While Social and Emotional Learning (SEL) has been around for a long time, it is quickly becoming one of the most talked about topics in education. If you’re like us, you’re probably thinking: IT’S ABOUT TIME.
If you are relatively new to SEL and Mindfulness, that’s great. We are here to guide you. But before we begin, can we just say: THANK YOU.
Whether you are an educator or parent, the fact that you are reading a blog post about these topics means that you are interested in learning something to improve the lives of students. For that, we applaud you. Now, more than ever, educators are being called on to fill many roles.
In this moment, we know educators need support — not another directive, not another mandate, not one more thing on your plate. The good news is that SEL is not another educational fad. It’s not one more thing on your plate. It’s also not another thing you have to cram into your already busy schedule.
“Either we spend time meeting children’s emotional needs by filling their cup with love, or we spend time dealing with the behavior caused from their unmet needs. Either way we spend the time.” - Pam Leo, Connection Parenting
One realization brought on by these challenging times is that being able to manage our mind is more beneficial than merely cramming it with information. The days of rote memorization, drill and kill, stand and deliver, instruction are gone. Good riddance! They were boring.
The fact is those “sink-or-swim” approaches are simply not equitable, and they never have been. Also, here’s a question: Why on earth would we ever allow a child to sink?
As 21st century learners, our students need to be able to:
- Think creatively
- Work collaboratively
- Be innovative
These skills require taking risks, making mistakes, and working well with others. In short, they all require SEL skills.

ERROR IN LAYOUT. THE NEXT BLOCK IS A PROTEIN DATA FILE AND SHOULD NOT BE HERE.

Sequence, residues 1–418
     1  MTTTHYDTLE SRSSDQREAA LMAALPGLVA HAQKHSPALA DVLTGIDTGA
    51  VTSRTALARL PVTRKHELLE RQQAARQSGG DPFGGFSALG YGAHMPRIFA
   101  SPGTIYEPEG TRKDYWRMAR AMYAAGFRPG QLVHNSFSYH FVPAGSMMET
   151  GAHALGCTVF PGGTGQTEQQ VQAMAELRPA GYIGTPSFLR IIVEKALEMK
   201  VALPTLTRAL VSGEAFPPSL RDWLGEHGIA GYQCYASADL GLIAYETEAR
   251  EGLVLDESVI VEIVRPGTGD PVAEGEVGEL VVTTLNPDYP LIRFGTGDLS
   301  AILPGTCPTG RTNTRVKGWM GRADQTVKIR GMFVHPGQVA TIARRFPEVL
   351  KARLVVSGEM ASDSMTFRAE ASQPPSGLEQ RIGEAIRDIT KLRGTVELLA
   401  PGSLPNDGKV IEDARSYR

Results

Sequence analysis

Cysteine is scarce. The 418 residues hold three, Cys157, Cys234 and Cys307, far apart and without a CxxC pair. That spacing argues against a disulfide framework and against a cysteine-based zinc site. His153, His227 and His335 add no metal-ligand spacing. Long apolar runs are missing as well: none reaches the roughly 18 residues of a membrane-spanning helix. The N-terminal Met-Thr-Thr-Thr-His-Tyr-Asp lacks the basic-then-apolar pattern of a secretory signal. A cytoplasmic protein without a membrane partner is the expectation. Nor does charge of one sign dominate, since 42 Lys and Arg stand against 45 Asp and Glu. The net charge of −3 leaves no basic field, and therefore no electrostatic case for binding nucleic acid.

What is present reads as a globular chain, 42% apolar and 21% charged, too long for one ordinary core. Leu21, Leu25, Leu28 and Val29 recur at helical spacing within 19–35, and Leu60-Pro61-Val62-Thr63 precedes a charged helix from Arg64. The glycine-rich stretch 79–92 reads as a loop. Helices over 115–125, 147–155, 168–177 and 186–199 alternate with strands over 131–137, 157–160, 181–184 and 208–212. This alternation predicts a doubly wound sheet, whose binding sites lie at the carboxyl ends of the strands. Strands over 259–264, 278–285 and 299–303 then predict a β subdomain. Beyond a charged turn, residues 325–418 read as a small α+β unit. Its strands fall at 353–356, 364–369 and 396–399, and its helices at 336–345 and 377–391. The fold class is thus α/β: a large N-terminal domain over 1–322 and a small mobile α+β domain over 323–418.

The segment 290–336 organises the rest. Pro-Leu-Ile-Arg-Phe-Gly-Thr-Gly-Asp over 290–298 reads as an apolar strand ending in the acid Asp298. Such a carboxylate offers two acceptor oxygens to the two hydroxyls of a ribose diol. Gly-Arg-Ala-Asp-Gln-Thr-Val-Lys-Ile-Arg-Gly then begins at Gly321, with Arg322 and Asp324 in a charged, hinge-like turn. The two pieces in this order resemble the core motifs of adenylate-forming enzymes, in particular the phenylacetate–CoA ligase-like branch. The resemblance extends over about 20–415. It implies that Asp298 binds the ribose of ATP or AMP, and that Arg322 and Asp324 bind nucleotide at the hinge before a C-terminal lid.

What is Social and Emotional Learning (SEL)?
One of the most trusted sources for knowledge about high-quality, evidence-based social and emotional learning is The Collaborative for Academic, Social, and Emotional Learning (CASEL). They are basically the gold standard when it comes to all things SEL.
CASEL defines SEL as “the process through which children and adults understand and manage emotions, set and achieve positive goals, feel and show empathy for others, establish and maintain positive relationships, and make responsible decisions.”
Sounds pretty good, right?
CASEL identifies SEL’s five core competencies as: self-awareness, self-management, social awareness, relationship skills, and responsible decision-making.
Inter-related among the core competencies is the all-important work of equity. Educational Equity means that all students have access to the same resources and educational rigor despite race, gender, ethnicity, language, disability, family background, or family income (Jagers, et al. 2018).
SEL can be an important tool for advancing educational equity in that it can help schools:
- Promote understanding
- Examine biases
- Reflect on and address the impact of racism
- Build cross-cultural relationships
- Cultivate adult and student practices that create a more inclusive school community.
OK, now say this one with us: SEL starts with adults.
Why? Because we can’t teach what we don’t know. Teaching is stressful. You know it. We know it. Science knows it. Teaching has been recognized as one of the most stressful jobs in the United States (Herman 2019; Gallup, 2013). Herman’s work goes on to say that “we as a society need to consider methods that create nurturing school environments not just for students, but for the adults who work there.” Preach!
One of the best ways to destress is MINDFULNESS.
What is Mindfulness?
Mindfulness is paying attention to the present moment without judgment. It is sometimes confused with meditation which refers to a more formal seated practice. No, you do not need to be sitting on a mountain under a waterfall to practice mindfulness. In fact, you can do it in your car in the Target parking lot if you want.
Mindfulness practices help to train our minds to see ourselves and the world with greater clarity. It also gives our minds a rest from mental stimulation, especially when we are going through challenging times. Who doesn’t need that?